Page 34

CASE STORY: THE BENEFITS AND PITFALLS OF COLLABORATIVE SUSTAINABILITY PLANNING Partnership-based and collaborative approaches, particularly for sustainable community development, are in many ways a common-sense solution to issues of limited capacity, information, and communication in small communities. With the recent introduction of initiatives such as integrated community sustainability planning and expansion of sustainable development from three to four, or even five, pillars (social, ecological, economic, cultural, and governmental/institutional), some problems with sustainability planning have become increasingly obvious. In numerous policy domains (such as public health, environmental policy, natural resource management, and even economics), it became quite clear that the bureaucratic impetus toward compartmentalization, specialization, and targeted policy instruments and interventions has several shortcomings. Goal dependencies of existing institutions are insufficient and partly contradictory: the different specialized actors compete, their perspectives are at odds, and their combined activities lead to policies with insufficient impact. In response to this newly identified need for sustainability planning, many actors in local governance and many voices in Canadian academia have argued that a new comprehensive tool would have to be developed. What would it have to be? It should be a sort of visioning tool at the level of the collaborating group, for which goal dependencies have to be maximized. At the same time, this tool has to be buffered from existing lower and higher level policies which could again undermine the sustainability effort. Many believed that some new form of community or governmental collaboration would generate the desired tool. Meanwhile, the complexities of collaboration itself are often not acknowledged. Creating and utilizing collaborative methods such as partnerships, clusters, teams, and even crowd-sourcing have been put forward as ways of generating “value add� to the research, participatory action, planning, policy, and governance activities taking place in small, rural, and remote communities. Such collaborative initiatives within and across municipalities, and sometimes linking different levels and scales of governance, are commonly seen as a means of facilitating broader access to resources, as well as of creating efficiencies and avoiding redundancies, fostering or contributing to community-based autonomy and responsibility, and improving the problem-solving capacity of the partners or communities involved. In other words, the expectations for collaboration are high, and the methods at hand and their outputs are very diverse, sometimes leading to a new institution or a new plan for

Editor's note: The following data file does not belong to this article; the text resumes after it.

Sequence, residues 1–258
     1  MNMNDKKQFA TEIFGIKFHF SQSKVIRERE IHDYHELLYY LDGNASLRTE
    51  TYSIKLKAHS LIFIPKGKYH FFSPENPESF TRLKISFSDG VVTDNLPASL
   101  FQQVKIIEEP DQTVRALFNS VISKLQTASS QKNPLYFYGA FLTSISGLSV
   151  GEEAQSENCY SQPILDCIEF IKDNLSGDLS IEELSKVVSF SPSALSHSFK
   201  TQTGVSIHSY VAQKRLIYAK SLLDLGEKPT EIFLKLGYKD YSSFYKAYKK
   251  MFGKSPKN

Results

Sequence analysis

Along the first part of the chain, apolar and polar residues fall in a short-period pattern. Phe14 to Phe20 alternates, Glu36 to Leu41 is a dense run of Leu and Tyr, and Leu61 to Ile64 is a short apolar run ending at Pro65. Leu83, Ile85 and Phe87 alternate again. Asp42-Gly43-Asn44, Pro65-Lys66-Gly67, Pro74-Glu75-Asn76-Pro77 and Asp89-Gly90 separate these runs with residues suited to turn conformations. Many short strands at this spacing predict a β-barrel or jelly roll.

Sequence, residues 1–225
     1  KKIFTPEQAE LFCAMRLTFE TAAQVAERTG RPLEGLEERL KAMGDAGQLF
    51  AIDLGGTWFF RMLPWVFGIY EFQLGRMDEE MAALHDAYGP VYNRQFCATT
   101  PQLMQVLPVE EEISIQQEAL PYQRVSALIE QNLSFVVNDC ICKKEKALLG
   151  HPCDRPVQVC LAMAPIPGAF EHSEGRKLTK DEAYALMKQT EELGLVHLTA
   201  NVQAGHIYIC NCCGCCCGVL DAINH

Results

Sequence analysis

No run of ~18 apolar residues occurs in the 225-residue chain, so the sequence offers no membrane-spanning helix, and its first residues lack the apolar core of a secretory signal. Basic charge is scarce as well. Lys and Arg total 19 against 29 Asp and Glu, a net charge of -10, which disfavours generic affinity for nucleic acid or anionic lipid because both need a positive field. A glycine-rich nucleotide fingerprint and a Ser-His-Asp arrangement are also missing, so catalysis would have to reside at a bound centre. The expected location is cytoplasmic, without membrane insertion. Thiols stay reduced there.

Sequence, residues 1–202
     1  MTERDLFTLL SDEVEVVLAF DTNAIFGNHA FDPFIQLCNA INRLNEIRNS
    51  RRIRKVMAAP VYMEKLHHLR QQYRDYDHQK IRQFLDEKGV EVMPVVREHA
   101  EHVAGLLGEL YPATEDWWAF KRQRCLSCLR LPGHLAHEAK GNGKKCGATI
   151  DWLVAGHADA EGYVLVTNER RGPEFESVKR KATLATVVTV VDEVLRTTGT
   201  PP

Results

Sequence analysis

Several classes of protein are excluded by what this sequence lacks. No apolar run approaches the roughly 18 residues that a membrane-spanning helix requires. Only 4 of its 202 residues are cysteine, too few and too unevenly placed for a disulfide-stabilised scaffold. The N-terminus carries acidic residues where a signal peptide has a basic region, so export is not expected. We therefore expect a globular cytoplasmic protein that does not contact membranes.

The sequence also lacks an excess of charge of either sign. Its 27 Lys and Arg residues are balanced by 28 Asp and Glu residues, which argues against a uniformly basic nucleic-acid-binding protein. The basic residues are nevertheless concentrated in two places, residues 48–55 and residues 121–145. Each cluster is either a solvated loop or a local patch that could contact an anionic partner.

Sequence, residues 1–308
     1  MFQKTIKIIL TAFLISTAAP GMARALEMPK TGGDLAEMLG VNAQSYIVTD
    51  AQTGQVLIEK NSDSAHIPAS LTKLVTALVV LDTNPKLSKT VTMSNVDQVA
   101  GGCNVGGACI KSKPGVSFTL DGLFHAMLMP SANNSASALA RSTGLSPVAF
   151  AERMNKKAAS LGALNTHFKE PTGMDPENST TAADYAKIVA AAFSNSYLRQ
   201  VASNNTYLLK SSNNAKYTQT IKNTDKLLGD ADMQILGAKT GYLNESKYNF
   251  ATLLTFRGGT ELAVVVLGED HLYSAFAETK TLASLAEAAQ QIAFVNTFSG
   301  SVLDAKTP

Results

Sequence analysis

22

Boom and Bust: a guide

Profile for University of Alberta Extension

Boom & Bust: A Guide, Managing Ups and Downs in Communities  

Boom and Bust: A Guide is the result of a collective effort at the University of Alberta to better understand the dramatic ups and downs whi...

Boom & Bust: A Guide, Managing Ups and Downs in Communities  

Boom and Bust: A Guide is the result of a collective effort at the University of Alberta to better understand the dramatic ups and downs whi...

Advertisement